Washington D.C.— Marine Conservation Institute, a leader in securing strong protection for the oceans’ most important places, criticized President Trump’s Fiscal Year 2018 Budget Proposal for cuts to the National Oceanic and Atmospheric Administration (NOAA) that impact marine sanctuaries and monuments, estuarine reserves, ocean and climate research, and managing protected species.
Dr. Lance Morgan, president of Marine Conservation Institute said, “The proposed budget effectively guts key programs that conserve marine life and will impact local economies dependent on healthy, living oceans,” adding, “NOAA has made demonstrable progress year after year recovering dozens of decimated fish populations, bringing iconic marine mammals like Hawaiian monk seals and humpback whales back from the brink of extinction, cracking down on illegal seafood imports that drain oceans of marine life, providing critical climate change observations and science, and managing millions of acres of marine sanctuaries, marine monuments and estuarine reserves that provide climate resilience to our coasts and citizens. Yet President Trump’s budget proposal for NOAA tears a huge hole in the agency’s safety net for ocean health.”
Overall cuts to NOAA’s discretionary spending from FY 2017 spending ($5.762B) to FY 2018 proposed budget ($4.967 B) approximate $800 million or 14%. These cuts are not distributed evenly. They impact ocean and atmospheric research (32% cut), sea grant education and research (100% cut), and the satellite program (20% cut) severely. But cuts to smaller programs such as coastal zone management grants (100% cut), marine sanctuaries and estuarine reserves ($24 million or 34% cut), and activities that focus on recovering endangered marine mammals and other species ($5 million cut) are significant.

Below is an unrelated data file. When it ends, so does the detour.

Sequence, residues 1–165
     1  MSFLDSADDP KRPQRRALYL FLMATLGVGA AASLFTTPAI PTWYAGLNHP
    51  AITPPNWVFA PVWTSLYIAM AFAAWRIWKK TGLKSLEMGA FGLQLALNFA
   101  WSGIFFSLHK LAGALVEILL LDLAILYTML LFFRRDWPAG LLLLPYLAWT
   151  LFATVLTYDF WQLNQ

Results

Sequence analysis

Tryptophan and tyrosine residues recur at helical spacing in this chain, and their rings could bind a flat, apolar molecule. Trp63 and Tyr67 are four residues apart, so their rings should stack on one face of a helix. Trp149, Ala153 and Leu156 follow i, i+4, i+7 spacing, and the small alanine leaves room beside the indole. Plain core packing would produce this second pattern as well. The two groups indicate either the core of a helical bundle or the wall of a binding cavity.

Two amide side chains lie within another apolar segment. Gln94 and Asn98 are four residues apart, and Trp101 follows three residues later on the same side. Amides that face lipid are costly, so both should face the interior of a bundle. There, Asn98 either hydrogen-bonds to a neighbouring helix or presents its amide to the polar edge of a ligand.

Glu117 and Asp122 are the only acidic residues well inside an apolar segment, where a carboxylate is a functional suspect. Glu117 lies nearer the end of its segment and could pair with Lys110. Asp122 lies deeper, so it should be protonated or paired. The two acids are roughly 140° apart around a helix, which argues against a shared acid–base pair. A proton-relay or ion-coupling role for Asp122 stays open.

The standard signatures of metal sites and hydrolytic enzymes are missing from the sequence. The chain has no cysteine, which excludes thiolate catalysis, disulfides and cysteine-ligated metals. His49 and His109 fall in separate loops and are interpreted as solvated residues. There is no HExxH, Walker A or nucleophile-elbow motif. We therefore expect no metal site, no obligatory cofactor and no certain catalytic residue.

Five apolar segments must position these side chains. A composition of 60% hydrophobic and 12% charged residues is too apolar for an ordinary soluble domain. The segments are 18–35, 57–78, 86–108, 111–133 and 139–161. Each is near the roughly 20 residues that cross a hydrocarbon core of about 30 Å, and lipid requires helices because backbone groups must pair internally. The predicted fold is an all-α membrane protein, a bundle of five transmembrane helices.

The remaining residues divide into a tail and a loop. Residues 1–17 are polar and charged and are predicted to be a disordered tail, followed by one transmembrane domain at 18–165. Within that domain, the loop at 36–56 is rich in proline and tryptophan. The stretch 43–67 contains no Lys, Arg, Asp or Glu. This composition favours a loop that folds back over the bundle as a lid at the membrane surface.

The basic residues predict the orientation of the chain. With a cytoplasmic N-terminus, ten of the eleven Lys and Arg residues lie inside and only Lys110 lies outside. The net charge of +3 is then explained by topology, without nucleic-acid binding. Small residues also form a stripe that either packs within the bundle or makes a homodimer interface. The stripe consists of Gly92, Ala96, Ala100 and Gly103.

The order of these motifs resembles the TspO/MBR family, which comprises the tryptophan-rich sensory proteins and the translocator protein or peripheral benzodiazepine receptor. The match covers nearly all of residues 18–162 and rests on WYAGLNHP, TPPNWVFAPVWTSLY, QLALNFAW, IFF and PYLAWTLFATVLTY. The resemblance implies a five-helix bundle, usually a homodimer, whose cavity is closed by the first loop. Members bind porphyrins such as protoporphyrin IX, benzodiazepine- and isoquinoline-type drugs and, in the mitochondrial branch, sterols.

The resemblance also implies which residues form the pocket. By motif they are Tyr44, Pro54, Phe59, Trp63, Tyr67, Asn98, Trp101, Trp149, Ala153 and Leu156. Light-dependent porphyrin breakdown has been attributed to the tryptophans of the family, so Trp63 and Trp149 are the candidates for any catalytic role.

Dr. Morgan continued, “Just four weeks ago, the Trump Administration issued two Executive Orders that call into question its support for the Pacific marine monuments first established by Republican President George W. Bush — Pacific Remote Islands, Rose Atoll, Marianas Trench and Papahānaumokuākea —all of which had tremendous public support from citizens, traditional leaders, the Hawaii congressional delegation, and marine scientists before they were established. With this budget proposal, we now see that the administration is trying to weaken the management of those monuments and sanctuaries before the ink is even dry on the Executive Orders.”
About Marine Conservation Institute
Marine Conservation Institute is a team of highly-experienced marine scientists and environmental policy advocates dedicated to saving ocean life for us and future generations. The organization’s goal is to help create an urgently-needed worldwide system of strongly protected areas—the Global Ocean Refuge System (GLORES)—a strategic, cost-effective way to ensure the future diversity and abundance of marine life. To enhance marine protection efforts in the US and around the globe, Marine Conservation Institute has also built the world’s most comprehensive online marine protected area database at www.MPAtlas.org.
For more information on Marine Conservation Institute, please go to:
For more information, media and bloggers only, please contact:
Mike Gravitz, Director of Policy and Legislation
Marine Conservation Institute
Email – Michael.Gravitz@marine-conservation.org
Phone- +1 301 351 5052
Dr. Lance Morgan, President
Marine Conservation Institute
Email – Lance. Morgan@marine-conservation.org
Phone- +1 707 217 8242
Image: ©NOAA. Visitors look out at California’s historic Point Arena Lighthouse, which sits near the new northern boundary of the expanded Greater Farallones National Marine Sanctuary.